Built to Last: How Levi Strauss, the world’s most iconic denim brand, manages to stay relevant and capture new markets
COVID-19 devastated the world’s retail landscape, but that didn’t stop Levi Strauss. A combination of swift fixes, strategic innovation and clever thinking steered the company through the crisis.
You don’t have to be young to be agile. That might be the lesson learned from 167-year-old company Levi Strauss & Co. and its response to the surprises and challenges of the COVID-19 situation.
“We reacted by moving fast,” notes Daniele Cipolletti, Levi Strauss’ Operations Manager, Europe, who has been with the U.S. company for 14 years. Based in Milan, he had a close-up view of and insights on the beginning of the global pandemic and its subsequent lockdown phases.
Cipolletti and his colleagues at Levi Strauss faced notable challenges, from the supply chain to social media. Not just reacting to an unprecedented international event, but also facing up to the responsibility of keeping this seminal brand alive. “We decided to protect our journey,” he says. “It’s a long journey, but we want it to continue to grow longer in the next years.”
Fans of denim know the sturdy fabric is built to last and, as a company, Levi Strauss appears to be, too. From its beginnings as a dry goods business founded by Bavarian immigrant Levi Strauss to its creation of what would become its classic riveted work pants, patented in 1873 and known since 1920 as blue jeans, the firm has always had an eye on resourceful solutions. Designed as workwear, jeans quickly became essential – and later, fashionable.
“This company has been investing in innovation from the beginning, when they invented the first blue jeans with the rivet,” says Cipolletti. “It starts with the product, but moves through other areas of the company. There is always attention to innovation.”
Today, the company’s products (including the brands Dockers and Denizen) are sold in more than 100 countries around the world via various retailers, including 3,200 own stores and shop-in-shops. And the evolution continues, with the firm regularly introducing initiatives that shake up the decades-old denim business.
For example, the company’s Project F.L.X. (future-led execution) allows for 90-second digital denim finishing, using lasers to create designs and wear patterns that replace dangerous chemicals and lengthy processing times. “It’s a way to be both agile and sustainable,” explains Cipolletti, “because if you reduce the finishing to only when you have a demand, you’re not only creating efficiency in your supply chain, but you’re also only producing jeans if there is a consumer.”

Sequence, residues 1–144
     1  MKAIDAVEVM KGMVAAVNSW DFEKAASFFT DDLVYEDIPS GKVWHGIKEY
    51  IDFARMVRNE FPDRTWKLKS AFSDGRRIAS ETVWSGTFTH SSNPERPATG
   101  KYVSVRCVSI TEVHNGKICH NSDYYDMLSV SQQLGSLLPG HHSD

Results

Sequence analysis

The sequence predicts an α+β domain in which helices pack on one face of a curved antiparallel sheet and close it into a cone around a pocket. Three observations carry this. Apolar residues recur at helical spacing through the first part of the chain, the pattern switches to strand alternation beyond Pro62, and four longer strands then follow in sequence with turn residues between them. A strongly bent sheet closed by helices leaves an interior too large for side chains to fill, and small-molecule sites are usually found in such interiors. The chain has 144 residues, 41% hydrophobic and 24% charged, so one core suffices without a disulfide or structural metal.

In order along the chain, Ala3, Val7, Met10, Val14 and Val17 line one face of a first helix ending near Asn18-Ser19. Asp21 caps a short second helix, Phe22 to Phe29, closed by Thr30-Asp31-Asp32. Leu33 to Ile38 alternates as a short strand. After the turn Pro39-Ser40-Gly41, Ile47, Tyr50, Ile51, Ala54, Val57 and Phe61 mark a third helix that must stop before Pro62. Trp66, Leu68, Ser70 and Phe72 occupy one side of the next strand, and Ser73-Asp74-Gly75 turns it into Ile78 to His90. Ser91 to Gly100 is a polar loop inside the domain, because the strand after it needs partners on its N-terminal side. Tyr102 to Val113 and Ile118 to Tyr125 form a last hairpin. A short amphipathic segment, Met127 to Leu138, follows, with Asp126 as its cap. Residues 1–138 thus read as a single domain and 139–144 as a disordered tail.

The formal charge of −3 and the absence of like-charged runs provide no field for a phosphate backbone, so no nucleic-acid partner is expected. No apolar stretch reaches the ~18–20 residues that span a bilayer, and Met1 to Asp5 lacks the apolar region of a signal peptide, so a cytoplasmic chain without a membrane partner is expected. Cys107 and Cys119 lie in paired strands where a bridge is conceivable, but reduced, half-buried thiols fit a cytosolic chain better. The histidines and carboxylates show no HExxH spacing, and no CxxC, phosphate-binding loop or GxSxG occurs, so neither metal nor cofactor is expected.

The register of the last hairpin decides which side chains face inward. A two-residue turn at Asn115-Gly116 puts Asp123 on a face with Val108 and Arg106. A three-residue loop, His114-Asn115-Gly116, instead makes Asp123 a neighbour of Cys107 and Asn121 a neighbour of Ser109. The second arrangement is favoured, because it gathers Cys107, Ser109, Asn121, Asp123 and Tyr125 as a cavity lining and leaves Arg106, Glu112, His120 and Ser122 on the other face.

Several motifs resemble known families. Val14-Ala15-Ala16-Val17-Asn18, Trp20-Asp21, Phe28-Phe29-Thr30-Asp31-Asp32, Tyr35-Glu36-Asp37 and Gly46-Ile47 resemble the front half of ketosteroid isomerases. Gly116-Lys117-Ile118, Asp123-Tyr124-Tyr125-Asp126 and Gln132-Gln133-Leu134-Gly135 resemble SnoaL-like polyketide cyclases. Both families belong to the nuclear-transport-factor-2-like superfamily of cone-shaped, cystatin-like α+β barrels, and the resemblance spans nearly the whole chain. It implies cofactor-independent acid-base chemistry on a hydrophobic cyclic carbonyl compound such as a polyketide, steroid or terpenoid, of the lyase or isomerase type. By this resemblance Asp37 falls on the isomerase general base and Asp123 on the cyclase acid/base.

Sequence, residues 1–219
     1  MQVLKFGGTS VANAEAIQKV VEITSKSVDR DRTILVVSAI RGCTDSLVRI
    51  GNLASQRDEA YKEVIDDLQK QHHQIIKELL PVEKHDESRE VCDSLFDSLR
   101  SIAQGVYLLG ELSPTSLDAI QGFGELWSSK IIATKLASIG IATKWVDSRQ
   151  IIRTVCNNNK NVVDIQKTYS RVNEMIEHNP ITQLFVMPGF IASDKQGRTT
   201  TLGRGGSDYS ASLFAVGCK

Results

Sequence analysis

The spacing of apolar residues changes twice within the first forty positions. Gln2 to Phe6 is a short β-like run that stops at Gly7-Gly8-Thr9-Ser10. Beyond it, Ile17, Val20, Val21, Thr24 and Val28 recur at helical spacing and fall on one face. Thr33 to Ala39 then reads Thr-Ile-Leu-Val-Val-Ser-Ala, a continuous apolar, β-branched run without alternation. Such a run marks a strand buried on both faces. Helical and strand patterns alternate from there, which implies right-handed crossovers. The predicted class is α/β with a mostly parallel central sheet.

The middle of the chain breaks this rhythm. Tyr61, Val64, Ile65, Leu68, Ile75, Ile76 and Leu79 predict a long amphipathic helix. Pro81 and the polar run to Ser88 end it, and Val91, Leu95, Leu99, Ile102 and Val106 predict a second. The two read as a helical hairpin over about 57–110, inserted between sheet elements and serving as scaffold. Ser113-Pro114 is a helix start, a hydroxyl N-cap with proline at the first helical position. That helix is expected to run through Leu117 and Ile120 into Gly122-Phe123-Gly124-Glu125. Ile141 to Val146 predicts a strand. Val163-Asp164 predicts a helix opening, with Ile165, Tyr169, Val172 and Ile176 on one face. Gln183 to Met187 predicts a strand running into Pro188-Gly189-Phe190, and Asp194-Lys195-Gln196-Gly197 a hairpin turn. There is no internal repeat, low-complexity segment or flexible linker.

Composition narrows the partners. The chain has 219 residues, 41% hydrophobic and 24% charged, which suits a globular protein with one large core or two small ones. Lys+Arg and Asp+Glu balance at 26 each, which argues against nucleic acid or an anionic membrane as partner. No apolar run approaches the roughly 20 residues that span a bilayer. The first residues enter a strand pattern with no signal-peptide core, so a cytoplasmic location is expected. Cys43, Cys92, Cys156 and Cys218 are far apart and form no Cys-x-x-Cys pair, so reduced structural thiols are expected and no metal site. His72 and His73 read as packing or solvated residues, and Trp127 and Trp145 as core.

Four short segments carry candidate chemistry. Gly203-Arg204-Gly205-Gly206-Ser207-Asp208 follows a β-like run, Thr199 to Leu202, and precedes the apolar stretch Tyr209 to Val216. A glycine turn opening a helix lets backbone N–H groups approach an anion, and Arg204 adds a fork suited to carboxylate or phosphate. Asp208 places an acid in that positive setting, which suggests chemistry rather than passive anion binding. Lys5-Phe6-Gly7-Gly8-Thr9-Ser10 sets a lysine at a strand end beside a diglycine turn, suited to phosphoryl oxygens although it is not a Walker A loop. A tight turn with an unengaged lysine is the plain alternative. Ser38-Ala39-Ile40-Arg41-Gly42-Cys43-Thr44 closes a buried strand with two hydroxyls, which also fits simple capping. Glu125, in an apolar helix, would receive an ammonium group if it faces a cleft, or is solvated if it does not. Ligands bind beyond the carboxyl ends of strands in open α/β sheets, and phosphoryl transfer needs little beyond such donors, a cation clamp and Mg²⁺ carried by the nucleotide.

These transformations have helped make Levi Strauss a well-oiled machine that has always run at a steady pace – until the emergence of COVID-19.
Winding down, ramping up
In mid-March 2020, most Levi Strauss locations, franchise sites and wholesale partners’ retail stores closed in response to the global pandemic – from the Americas to Europe to Asia.
In response, the company took several actions. First, social distancing measures were put in place in warehouses and stores. Omnichannel initiatives such as virtual concierge, ship from store, buy online pick up in store, mobile app shopping and loyalty programs were enhanced to strengthen the direct-to-consumer business. At the same time, logistics strategies including same-day delivery were tested in some markets.
The year-on-year increase in Levi Strauss’ e-commerce sales in June 2020
The amount of recycled denim in Levi Strauss’ Wellthread jeans
Although each country where Levi Strauss does business handled the lockdown in a different way, Cipolletti says the company was able to adjust and learn from the experience.
“As we closed the stores, we tried to feed them as much as we could until the last minute. All of the organization helped to maximize the health and the flow to the market during the different lockdowns.”
In the U.S., curbside pickup was introduced for customers to collect their orders. In India, Levi’s on Wheels traveling stores stocked with work-from-home favorites rolled into select neighborhoods. And to reduce costs and streamline operations, the company implemented cost reduction and inventory management initiatives. “Our overall supply chain reacted in a responsive way, showing elasticity and a sense of urgency, and good priorities,” says Cipolletti, who oversees the company’s biggest fulfillment center in Europe. Based in Unna, Germany, it is nearly 40,000 square meters in size, and delivers almost 70% of the business in Europe, including feeding Russia and Turkey via satellite locations.